Wednesday, December 01, 2010


By Pauly
Los Angeles, CA

I read books in phases and clusters. Most recently, it's either been non-stop book reading or nothing at all. When I'm devouring books in LA, that often coincides with positive writing streaks. It's no secret that I find inspiration in books, and at the same time, I often write better when I'm reading well written material. I suppose my brain is a sponge that adheres to the "you are what you eat" school of thought, but in this case, "you write what you read."

Sometimes, the internet gets most of my reading time, which I often compare to fast food reading mainly because my diet is blogs and some media outlets (mostly meta-sites with lots of link dumps). Even the most long-form pieces of journalism on the net clock in at a few thousand words, which is hardly a hearty meal compared to what you can devour when you pick up a book.

When I'm on the road and traveling (especially spending lots of down time in airports), I might be able to knock off a couple of books a week, but because I'm mobile, I'm not writing as much. But the road is also where I pick up new books or discuss books with people I meet along the way. I always write down book recommendations. I don't always act upon those, but that list comes in handy when I'm in search of new material. About once a month, I create a pile and stack four or five books on top of each other on the desk in my office. Those will be the "books of the month" and my reading list. On average, I'll finish three out of the five. I'll lose interest in one very quickly, and the last one is often one of those books that I pick up, put down pick up again, and put down again -- but for some reason -- I don't go back to it because when the new month comes around, I have a new pile of books.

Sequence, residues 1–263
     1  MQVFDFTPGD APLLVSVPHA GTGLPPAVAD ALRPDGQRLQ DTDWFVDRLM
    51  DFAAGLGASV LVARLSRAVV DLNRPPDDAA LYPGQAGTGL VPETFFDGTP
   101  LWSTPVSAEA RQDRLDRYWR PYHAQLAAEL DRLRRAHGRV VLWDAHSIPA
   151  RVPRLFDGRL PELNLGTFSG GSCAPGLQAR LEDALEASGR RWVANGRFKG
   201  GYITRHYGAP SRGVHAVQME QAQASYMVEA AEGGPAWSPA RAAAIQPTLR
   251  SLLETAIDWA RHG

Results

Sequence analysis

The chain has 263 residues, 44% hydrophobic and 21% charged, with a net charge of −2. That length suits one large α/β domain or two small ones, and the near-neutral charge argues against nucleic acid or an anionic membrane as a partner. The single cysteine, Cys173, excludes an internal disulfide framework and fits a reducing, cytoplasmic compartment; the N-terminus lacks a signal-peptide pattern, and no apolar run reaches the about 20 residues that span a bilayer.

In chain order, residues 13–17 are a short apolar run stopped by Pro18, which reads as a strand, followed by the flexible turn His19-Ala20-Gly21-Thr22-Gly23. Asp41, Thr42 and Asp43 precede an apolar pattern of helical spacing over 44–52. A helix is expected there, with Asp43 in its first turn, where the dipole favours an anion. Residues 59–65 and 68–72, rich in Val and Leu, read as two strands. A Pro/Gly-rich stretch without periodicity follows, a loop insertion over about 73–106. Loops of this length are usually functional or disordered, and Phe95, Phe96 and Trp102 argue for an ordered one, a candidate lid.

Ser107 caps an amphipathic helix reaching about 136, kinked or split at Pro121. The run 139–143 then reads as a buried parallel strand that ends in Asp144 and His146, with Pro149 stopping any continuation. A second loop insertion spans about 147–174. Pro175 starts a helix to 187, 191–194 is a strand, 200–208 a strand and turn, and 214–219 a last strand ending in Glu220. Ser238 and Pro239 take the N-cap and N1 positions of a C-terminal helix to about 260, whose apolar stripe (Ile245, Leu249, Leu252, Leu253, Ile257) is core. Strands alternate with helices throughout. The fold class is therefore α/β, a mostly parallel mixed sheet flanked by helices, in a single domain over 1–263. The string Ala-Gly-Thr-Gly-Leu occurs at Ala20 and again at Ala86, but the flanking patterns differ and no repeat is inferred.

Once a year, I'll create a pile of start-stop books -- books that I started to read and stopped, but I really want to finish. Sometimes, it takes effort to plug through to the end of the book that has been slowing you down. Otherwise,, you have to be an expert skimmer.

Christmas is always a good time of year for me because I'm the recipient of a lot of books along with giftcards to Amazon and Barnes & Noble. My reading pile every January includes a dozen titles, and nothing is a better start to the new year, then delving into a stack of new books.

Nicky has been voraciously reading the last two months -- exclusively on her iPad. The Kindle app is good, but it bothers her eyes, and now she's looking into picking up a real Kindle. I'm not that jazzed about e-books. I've warmed up to them after I realized that e-copies of Lost Vegas were in high demand. I was sorta surprised when e-book sales eclipsed print copies shortly before Thanksgiving. But once Black Friday and Cyber Monday hit -- print sales took a healthy bounce upward and regained the top spot.

I'm a luddite when it comes to books. I want to read a physical copy. I want to turn the pages. I want to have a proper book mark. I want to be able to flip back and forth if I want.

I also get off on buying used books. I'm not a bargain hunter mainly because I don't buy too much stuff. Most of my disposable income goes toward traveling, music/entertainment, and funding my own art. However, I'm an avid book hunter. I'm partial to the smell of mildew from books stashed away in someone's basement. I think that stems from parts of my childhood when my mother was an avid flea market attendee at Yonker's Raceway, so while she browsed for different items, I found myself digging through splintery wooden crates filled with used books for as little as a penny (presumably those books were found in an attic somewhere or inherited from a dead relative).